The victim soul to Divine Justice must not have any fear of the day of just recompense for humanity before the Tribunal of God. Its duty is to love Justice and its love will impel it to confide precisely in Divine Justice, as the Evangelist St. John says in his first letter exhorting to perfect charity, in imitation of Christ: "In this is the charity of God perfected with us, that we may have confidence in the day of Judgment." (1 Jn. IV:17) This is what the victim soul must long for and ask that the times be abbreviated and that soon the Just Judge may judge this world and separate the cockle from the wheat so that, as it clearly says, it may no longer infect the good seed.

Thus, anxious that all its brothers may be saved, the soul then says: "O my God, convert heretics and sinners. Sanctify Christians and grant perseverance to the just. . .give us saintly Priests!"

Thus its fraternal anxiety embraces both the good and the wicked, since it knows through faith that, until the last day comes, Infinite Mercy will continue shedding its graces to attract to itself all men of good will.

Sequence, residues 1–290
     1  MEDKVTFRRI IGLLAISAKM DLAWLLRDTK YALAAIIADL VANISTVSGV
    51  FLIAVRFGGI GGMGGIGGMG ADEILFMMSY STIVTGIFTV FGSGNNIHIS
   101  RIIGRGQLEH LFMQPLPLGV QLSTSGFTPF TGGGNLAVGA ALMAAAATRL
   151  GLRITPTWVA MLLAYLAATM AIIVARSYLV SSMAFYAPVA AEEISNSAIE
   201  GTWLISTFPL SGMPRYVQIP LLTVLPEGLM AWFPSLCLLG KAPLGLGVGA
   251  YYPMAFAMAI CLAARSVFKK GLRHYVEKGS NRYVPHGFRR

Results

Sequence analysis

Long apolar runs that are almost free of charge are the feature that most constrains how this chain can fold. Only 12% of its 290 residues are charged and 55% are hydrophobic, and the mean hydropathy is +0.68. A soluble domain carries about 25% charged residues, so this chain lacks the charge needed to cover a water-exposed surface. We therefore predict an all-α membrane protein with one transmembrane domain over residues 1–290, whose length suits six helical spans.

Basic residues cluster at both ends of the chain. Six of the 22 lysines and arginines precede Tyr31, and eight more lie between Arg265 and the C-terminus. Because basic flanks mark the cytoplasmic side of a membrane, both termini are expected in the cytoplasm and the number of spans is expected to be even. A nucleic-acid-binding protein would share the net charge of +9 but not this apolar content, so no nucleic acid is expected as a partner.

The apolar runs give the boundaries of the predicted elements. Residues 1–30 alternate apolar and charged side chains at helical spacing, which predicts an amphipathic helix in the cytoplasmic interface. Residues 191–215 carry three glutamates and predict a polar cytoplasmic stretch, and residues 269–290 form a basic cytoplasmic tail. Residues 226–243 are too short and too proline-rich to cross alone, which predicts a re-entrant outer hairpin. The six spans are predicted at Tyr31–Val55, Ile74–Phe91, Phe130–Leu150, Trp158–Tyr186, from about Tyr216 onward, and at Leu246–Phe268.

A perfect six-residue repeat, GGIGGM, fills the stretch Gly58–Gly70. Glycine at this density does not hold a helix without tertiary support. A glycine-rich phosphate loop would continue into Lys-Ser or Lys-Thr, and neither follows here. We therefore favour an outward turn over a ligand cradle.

This petition must be like an echo of the desires of God expressed through the mouth of His Divine Son Who says: "Now this is the will of the Father Who sent Me: that of all that He hath given Me, I should lose nothing; but should raise it up again in the last day." (Jn. VI:39)

Let the victim to Divine Justice note well that, although it places the petition asking for the sanctification of priests in the last place, this must be its primary intention, as if it were the sum of all the others, since it recognizes the meaning of those words of the Gospel with respect to priests of God: "You are the salt of the earth." (Mt. V:13) For surely the sanctification of the faithful will correspond to the sanctity of the priests.

Besides, it understands what the world neglects and ignores and that is: that the faithful are seriously obliged to pray for the priests of the Lord who are doubly persecuted by the enemies of the Kingdom of Christ.